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June 4, 2021

Encouraging examples of democracy expanding for those previously disenfranchised

I just saw this recent Stateline piece headlined "More States Expand the Ballot to Previously Incarcerated," which provides some positivity to close out this week.  Here are excerpts:

Building off two decades of advocacy work and the recent national push to overhaul the criminal justice system, 20 states now restore voting rights for people with felony convictions when they leave prison.  Energy around the restoration of voting rights continues to swell. But there remains sustained opposition, as critics insist people with felony convictions pay all fines and serve the entirety of their parole before regaining the right to vote.

New York and Washington enacted laws in the past two months that automatically restore voting rights to people convicted of felonies after they are released from prison. Virginia Gov. Ralph Northam, a Democrat, signed an executive order in March that restored voting rights for more than 69,000 eligible Virginians.  A proposed amendment to the Virginia state constitution could make that change permanent.  The legislature passed the amendment this session.  Lawmakers will have to pass it again in 2022 before it heads to voters for final approval.

A holdover from the 19th century, 5.2 million Americans are disenfranchised because of their felony convictions — some 2.3% of the nation’s voting age population, according to a 2020 count by the Sentencing Project, a Washington, D.C.-based organization that lobbies for the restoration of voting rights.  In 11 states, people with felony convictions lose their voting rights indefinitely, sometimes having to wait for a gubernatorial pardon, or navigate a gauntlet of waiting periods, fees and petitions.

Some critics of these new laws say people with felony convictions should serve the entirety of their sentences, including parole, probation and fines, before being able to cast a ballot again.  However, proponents of voting rights restoration after prison think accessing the ballot connects people with society, giving them ownership over their lives and the community, and possibly dissuading them from committing crimes in the future....

Certain states are going beyond reinstating voting rights for those with felony convictions once they leave prison. Some are scrapping laws that disenfranchise those voters in the first place.  In Oregon, lawmakers are debating measures that would amend a law that strips voting rights from people with felony convictions.  The District of Columbia, Maine and Vermont do not disenfranchise those with felony convictions even while in prison. Illinois also is debating legislation that would repeal the state’s ban on voting by incarcerated people.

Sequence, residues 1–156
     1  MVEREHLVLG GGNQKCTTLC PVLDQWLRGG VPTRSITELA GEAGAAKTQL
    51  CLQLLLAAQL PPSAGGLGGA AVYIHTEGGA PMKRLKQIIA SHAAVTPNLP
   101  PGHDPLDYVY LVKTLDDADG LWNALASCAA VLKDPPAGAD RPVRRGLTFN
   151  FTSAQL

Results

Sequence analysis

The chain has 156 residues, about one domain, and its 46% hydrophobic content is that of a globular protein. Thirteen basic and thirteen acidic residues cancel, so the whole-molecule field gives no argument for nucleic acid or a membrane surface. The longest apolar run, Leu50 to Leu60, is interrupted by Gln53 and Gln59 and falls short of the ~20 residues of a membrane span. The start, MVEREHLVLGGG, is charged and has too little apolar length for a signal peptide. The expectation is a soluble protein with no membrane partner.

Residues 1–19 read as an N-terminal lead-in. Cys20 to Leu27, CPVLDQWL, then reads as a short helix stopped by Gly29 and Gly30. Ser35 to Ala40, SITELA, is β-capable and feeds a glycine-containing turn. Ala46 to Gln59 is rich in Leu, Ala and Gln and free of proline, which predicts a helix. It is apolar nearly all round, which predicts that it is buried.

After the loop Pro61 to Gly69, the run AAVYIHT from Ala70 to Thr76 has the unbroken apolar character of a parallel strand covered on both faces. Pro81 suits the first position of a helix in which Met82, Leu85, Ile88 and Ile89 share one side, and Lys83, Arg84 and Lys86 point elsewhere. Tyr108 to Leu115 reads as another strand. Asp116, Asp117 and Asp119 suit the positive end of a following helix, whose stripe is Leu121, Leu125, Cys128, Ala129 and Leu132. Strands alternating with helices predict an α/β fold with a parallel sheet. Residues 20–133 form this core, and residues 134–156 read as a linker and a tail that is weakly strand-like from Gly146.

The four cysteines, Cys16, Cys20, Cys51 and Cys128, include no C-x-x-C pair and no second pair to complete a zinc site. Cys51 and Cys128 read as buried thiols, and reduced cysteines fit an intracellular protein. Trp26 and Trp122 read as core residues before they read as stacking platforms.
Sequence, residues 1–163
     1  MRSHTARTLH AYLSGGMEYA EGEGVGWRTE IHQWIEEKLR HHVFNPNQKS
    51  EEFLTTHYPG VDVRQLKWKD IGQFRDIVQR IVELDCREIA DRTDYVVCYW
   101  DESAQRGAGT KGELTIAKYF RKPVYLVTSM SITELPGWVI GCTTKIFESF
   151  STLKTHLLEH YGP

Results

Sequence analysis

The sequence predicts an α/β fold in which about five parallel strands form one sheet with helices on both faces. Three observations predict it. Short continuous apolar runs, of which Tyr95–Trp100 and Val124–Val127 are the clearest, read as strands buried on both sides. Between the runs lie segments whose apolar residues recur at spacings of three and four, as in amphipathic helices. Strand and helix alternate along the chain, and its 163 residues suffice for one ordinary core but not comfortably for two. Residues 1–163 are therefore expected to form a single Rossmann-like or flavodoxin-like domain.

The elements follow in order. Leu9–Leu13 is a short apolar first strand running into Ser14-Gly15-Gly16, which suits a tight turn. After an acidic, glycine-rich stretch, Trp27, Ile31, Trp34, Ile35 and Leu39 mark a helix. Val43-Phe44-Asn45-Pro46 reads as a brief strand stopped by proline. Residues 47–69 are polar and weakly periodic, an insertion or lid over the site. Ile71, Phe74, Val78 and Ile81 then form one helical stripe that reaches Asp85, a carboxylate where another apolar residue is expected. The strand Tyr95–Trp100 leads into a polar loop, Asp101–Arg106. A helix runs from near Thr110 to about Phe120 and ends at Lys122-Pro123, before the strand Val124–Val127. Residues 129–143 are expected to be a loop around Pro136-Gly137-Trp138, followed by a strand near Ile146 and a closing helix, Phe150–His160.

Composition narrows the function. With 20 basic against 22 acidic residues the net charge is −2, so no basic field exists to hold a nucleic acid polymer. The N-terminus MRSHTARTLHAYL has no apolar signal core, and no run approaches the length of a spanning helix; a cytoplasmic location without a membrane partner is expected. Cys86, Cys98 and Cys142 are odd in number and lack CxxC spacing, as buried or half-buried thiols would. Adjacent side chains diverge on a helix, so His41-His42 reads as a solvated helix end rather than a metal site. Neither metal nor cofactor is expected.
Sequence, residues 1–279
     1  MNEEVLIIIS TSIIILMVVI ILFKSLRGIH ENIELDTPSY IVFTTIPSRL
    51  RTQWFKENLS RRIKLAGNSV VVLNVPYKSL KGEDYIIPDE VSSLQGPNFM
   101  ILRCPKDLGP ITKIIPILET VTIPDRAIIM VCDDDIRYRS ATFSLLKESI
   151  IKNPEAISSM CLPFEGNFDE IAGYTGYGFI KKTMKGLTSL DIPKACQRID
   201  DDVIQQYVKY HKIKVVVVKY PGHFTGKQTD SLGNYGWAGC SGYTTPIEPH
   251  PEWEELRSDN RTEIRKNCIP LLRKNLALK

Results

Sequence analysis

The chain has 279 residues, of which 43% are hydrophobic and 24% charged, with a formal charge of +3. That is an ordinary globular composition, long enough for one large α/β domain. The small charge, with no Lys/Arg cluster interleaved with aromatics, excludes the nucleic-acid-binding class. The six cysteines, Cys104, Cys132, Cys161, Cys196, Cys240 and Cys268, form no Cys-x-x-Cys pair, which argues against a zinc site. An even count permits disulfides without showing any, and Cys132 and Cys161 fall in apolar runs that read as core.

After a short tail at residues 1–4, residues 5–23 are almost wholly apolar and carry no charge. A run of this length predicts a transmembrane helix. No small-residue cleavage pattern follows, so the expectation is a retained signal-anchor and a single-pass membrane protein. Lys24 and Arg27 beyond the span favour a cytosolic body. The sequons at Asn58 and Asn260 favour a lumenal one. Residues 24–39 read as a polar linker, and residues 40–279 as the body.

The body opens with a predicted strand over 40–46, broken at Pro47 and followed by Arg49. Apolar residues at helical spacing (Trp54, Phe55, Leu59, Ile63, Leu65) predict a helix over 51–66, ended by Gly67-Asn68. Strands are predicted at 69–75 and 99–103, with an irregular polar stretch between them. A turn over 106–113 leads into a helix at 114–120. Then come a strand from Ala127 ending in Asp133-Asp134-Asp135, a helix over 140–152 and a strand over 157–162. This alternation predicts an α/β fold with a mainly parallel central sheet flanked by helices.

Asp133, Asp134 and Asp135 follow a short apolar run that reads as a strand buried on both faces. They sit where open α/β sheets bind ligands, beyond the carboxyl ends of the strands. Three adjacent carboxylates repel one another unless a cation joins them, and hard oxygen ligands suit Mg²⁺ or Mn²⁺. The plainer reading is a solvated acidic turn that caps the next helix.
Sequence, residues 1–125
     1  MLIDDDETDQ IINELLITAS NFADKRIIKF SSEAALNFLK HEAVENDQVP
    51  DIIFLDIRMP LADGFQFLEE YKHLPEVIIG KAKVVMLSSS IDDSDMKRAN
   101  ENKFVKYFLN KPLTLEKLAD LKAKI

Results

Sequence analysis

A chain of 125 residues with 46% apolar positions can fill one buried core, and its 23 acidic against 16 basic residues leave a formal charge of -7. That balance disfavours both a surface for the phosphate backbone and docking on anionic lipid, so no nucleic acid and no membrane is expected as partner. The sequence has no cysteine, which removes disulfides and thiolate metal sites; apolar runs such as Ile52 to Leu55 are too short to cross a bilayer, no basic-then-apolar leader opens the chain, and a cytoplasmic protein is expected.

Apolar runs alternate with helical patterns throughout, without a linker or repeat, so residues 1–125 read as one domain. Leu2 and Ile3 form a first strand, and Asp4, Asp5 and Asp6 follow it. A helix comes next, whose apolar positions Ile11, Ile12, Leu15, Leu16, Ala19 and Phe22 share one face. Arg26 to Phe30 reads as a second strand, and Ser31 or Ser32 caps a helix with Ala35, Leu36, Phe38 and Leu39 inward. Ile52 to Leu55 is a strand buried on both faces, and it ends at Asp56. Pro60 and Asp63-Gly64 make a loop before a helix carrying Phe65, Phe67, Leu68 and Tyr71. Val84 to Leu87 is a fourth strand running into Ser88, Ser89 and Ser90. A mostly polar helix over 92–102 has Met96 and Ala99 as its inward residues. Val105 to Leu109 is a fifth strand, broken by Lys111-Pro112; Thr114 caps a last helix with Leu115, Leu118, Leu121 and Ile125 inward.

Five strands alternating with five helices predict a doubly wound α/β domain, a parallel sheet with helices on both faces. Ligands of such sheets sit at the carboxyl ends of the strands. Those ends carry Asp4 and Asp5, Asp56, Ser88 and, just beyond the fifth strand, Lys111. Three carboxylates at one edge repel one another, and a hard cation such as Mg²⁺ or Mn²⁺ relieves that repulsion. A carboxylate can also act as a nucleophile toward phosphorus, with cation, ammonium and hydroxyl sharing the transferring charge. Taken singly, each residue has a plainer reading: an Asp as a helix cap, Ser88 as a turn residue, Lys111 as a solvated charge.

The restoration of voting rights has drawn some bipartisan support. Last year, Iowa Gov. Kim Reynolds, a Republican, signed an executive order giving the right to vote to thousands of residents with felony convictions after completing parole or probation.  The legislature is working to amend the state’s constitution to make this change permanent.

In Kentucky, Republican state Rep. Jason Nemes is one of the co-sponsors of bipartisan legislation that would amend the state constitution to automatically restore voting rights for people with certain felony convictions after they complete their imprisonment, probation or parole.  Denying them the right to vote, he said, can make people attempting to rejoin society feel ostracized.  “When someone has committed an offense against the community and they served their time, we want that person back in the community,” he told Stateline.  “Now it’s time for you to take a sense of ownership and responsibility for your neighbors.” If the measure gets legislative approval, the proposed amendment will go before voters on the November 2022 ballot.

This proposal comes more than a year after Democratic Gov. Andy Beshear signed an executive order in 2019 that restored voting rights to an estimated 140,000 Kentuckians with nonviolent felony convictions who have completed their sentences.  A Mason-Dixon Polling & Strategy poll released in February shows more than two-thirds of Kentuckians support the automatic restoration of voting rights for people who finished their sentences.

But there is still opposition by many lawmakers around the country, most of them Republican, who say that some crimes are so heinous they merit lasting punishment such as disenfranchisement.  Others say that people with felony convictions should complete probation and parole periods, along with paying all fines, before they get their rights restored.  “Beyond voting rights, first comes responsibility,” said Washington state Rep. Jenny Graham, a Republican, during floor debate in February.  “When somebody makes a decision to harm or kill another individual, there is accountability that is due.”